On foreign policy, Anderson told the audience that under both George W. Bush and Obama, the US has engaged in overseas wars based on a "pack of lies." He said that while the Pentagon warns that climate change is a bigger threat to national security than global terrorism, elected officials are "sound asleep" and asking to increase military spending.
He then further explained his stance on foreign wars: The US should not engage in wars of aggression, and should only attack another country if American soil has been attacked first. Anderson also noted that wars of aggression are illegal under the UN Charter, and that the US has lobbied for the prosecution of foreign leaders who commit the same crimes US officials have committed.
The nominee from the Constitution Party, Virgil Hamlin Goode, is a former member of the United States House of Representatives who wants to give Americans broader access to diverse political views. He believes that without a constitutional amendment limiting politicians’ terms, the Congress will always be more worried about the next election than solving the country’s problems.
Goode kept most of his answers short and sweet, focusing on balancing the US government's budget while respecting constitutional principles. He had little to say that didn't fit into a brief soundbite – and clearly took pride in the brevity and clarity of his answers.
In his opening statement, Goode gave a concrete example of what he said many Americans are feeling: That there's little substantive difference between Obama and Romney. "Obama and Romney both claim to support a balanced budget," Goode told the audience, "but the Obama budget is $1 trillion in deficit," while the budget proposed by vice-presidential candidate Paul Ryan would create an $800 billion deficit.
Goode proposed spending cuts in various areas. Another of his much-touted concepts was term limits for elected officials, so that they can do their best possible work in office instead of constantly fundraising to get reelected. He conceded that such a proposal would be fought tooth and nail in Washington, and might require a grandfather clause allowing sitting politicians to serve until they retire.
He was also adamant about the danger of Political Action Committees (PACs) in American politics, which he said impede the democratic process. "We must throw the PACs out now," he declared.
As for the War on Drugs, Goode was clear: He doesn't support the legalization of drugs. He supports cutting back federal anti-drug spending, but noted that would only account for a few billion dollars of the budget, a relatively small sum in Washington's budget.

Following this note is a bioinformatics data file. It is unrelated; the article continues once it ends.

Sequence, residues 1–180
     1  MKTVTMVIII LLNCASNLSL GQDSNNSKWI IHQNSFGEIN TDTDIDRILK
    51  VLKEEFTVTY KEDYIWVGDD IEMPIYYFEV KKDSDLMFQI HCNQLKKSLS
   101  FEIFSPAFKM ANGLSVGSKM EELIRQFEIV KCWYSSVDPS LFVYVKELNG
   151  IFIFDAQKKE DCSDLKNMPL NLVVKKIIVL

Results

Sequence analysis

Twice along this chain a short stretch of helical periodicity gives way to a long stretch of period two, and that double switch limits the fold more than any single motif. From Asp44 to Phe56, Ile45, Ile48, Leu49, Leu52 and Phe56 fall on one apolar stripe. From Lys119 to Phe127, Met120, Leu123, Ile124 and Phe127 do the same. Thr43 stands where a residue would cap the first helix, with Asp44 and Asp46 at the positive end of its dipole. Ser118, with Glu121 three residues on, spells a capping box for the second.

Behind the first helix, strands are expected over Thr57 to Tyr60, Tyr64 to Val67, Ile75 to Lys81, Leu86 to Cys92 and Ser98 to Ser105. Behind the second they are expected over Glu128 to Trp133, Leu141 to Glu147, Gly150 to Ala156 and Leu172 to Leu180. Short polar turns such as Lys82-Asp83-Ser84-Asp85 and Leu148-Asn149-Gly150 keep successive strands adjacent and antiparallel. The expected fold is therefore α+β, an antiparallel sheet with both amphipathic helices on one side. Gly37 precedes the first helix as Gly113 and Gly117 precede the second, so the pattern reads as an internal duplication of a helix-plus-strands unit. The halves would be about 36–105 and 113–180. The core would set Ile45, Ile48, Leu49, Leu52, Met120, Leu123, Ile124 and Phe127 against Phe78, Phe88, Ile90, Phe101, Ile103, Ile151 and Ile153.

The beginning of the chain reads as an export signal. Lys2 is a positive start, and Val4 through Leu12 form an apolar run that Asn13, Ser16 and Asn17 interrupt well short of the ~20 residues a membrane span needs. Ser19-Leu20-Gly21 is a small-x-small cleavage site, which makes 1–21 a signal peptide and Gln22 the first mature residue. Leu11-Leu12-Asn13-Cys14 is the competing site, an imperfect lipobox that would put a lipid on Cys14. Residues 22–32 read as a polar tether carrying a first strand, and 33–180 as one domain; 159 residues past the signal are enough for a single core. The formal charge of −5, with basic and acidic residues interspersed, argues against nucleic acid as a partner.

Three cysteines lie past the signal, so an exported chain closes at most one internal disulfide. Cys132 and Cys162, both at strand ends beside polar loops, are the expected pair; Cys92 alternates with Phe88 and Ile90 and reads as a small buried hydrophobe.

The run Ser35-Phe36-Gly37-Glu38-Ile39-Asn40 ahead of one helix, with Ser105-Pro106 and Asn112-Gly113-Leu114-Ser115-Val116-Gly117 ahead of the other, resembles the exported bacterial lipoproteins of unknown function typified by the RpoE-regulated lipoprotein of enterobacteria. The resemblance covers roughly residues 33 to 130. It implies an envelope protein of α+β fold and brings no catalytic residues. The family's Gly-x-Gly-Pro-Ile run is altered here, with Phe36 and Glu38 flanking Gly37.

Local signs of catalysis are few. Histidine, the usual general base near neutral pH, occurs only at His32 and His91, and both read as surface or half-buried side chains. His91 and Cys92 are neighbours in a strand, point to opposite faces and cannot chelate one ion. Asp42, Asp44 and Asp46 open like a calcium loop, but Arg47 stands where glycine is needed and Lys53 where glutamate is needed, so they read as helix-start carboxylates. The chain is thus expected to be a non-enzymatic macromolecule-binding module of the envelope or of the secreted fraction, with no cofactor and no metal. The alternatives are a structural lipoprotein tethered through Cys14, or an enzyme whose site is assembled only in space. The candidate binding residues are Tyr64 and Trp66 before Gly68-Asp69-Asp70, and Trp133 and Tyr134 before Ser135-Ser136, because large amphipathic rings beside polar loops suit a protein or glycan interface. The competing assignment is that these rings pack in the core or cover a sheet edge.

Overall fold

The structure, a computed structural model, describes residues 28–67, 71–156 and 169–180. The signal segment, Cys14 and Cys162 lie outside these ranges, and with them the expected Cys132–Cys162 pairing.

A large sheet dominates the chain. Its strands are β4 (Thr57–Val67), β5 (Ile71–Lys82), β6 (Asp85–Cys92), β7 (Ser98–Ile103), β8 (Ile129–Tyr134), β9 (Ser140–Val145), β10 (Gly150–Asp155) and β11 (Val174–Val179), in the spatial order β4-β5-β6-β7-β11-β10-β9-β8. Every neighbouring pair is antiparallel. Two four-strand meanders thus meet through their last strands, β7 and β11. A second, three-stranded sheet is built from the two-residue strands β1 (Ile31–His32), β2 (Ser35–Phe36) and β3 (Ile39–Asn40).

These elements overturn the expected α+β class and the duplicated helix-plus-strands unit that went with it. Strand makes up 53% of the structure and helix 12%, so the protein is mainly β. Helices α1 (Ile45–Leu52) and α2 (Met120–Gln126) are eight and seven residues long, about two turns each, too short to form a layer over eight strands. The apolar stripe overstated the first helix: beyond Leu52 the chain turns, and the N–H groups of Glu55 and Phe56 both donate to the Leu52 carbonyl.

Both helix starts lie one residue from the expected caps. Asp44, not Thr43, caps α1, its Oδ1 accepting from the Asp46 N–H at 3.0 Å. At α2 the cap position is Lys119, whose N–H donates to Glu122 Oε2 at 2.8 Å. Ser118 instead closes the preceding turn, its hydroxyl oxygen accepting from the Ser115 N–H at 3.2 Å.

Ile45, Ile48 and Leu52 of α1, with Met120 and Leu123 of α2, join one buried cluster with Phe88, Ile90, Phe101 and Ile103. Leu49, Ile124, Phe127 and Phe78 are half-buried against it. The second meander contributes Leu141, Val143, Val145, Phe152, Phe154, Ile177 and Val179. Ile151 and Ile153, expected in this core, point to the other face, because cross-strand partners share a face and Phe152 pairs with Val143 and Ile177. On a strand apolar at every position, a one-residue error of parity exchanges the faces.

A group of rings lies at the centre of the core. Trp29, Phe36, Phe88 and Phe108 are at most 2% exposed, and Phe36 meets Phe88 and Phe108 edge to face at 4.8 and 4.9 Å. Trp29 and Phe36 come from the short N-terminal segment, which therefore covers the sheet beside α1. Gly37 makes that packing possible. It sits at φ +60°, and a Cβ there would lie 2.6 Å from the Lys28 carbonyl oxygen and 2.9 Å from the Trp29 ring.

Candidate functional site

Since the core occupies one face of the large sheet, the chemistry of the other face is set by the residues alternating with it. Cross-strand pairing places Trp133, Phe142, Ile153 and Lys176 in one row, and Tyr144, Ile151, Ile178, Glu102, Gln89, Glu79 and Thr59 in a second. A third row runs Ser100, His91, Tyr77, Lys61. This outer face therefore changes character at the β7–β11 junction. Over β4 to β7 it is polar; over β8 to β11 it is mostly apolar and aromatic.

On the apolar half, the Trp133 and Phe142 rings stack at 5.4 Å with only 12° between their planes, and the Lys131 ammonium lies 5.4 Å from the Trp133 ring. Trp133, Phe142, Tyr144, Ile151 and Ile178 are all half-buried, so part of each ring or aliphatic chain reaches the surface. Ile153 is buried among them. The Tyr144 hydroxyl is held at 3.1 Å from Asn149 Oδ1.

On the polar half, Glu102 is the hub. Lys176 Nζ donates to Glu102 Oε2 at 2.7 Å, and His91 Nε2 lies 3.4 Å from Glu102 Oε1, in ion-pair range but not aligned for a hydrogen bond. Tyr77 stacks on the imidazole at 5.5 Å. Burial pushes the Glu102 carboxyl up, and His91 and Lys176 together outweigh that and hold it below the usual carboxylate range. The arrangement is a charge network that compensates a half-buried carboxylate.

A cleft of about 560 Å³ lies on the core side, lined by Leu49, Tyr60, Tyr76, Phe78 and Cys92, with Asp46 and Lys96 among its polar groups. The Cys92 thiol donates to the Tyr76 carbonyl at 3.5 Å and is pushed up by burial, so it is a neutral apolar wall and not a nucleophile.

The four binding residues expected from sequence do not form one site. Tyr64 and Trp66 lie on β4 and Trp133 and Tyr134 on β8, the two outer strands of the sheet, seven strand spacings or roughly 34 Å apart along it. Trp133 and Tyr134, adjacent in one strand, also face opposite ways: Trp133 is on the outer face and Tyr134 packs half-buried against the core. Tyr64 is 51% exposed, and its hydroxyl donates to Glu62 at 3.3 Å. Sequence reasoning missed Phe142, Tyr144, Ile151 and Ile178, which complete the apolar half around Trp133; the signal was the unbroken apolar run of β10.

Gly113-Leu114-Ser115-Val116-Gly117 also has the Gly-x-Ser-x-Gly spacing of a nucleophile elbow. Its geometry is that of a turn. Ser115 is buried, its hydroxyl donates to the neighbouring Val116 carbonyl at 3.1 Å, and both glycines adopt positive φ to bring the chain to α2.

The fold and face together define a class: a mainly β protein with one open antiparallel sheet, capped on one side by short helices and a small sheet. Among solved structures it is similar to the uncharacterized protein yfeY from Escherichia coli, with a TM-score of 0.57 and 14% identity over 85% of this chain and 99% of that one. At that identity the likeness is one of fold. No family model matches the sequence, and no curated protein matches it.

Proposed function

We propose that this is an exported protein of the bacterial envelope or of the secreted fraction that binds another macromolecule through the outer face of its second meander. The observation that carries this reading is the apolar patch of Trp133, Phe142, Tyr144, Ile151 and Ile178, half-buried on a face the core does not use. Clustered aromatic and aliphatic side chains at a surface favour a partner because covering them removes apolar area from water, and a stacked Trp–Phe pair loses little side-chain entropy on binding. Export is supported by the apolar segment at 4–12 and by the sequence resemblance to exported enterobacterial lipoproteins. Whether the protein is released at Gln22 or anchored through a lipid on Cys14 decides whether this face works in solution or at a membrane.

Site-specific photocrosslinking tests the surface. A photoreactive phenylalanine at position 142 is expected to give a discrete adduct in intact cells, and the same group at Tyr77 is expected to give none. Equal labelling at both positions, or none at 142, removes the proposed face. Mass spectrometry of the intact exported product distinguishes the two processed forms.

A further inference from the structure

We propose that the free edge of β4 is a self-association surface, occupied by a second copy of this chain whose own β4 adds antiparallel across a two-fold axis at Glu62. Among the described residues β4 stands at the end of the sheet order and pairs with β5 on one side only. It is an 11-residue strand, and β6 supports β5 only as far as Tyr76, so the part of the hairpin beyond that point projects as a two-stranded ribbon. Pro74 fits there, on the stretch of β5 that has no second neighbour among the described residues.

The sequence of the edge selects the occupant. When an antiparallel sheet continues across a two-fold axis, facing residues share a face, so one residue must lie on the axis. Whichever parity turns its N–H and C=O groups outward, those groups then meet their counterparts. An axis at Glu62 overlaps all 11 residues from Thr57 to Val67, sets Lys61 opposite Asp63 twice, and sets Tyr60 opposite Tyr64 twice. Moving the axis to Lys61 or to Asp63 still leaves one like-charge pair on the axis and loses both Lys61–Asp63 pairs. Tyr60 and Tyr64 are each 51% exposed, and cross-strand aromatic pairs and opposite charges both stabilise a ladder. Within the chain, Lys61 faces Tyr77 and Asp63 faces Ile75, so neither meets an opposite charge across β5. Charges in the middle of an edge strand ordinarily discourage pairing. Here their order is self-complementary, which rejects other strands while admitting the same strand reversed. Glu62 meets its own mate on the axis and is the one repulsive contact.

Goode was the only candidate to draw boos from the crowd when he said he would cut funding to Planned Parenthood "to zero." He justified the proposal by saying "we have to reduce nearly everything" to balance the budget.
Another of Goode's proposed budget cuts was the Department of Defense. Goode said he supported a strong defense, but not the US' current role as the "policemen of the world." He closed his answer by saying that "the US must stop trying to be the overseer of the world."
Goode also said he would cut Pell Grants, veto the NDAA and put a moratorium on green cards for immigrants until unemployment dropped below five percent for American citizens.
Libertarian Party candidate Gary Johnson is an experienced entrepreneur and a former Governor of New Mexico who, he said, made a name for himself by vetoing legislation. He said he would veto laws that end up costing the American taxpayer more than the country can afford, or laws that dictate what citizens can do in the privacy of their own homes. Most of Johnson's answers dealt with domestic issues.
Johnson's first point was that the US political system is in desperate need of transparency. Whether Obama or Romney is elected next month, he told the audience, we will still have "a heightened police state in the US." And Obama and Romney are guaranteed to continue American military interventions abroad, he added.
One of the domestic changes Johnson emphasized was term limits for elected officials. Implementing them, he said, would do away with the politician who makes grand promises while campaigning but never fulfills them. He contrasted that approach with his own record, recalling how the term limit for governors forced him to "push the envelope" as much as he could while in office.
One way Johnson said he'd push the envelope as president would be to abolish income taxes on individuals and corporations. He linked the tax issue to an impending "monetary collapse," in which US dollars would be worthless thanks to the country's debts.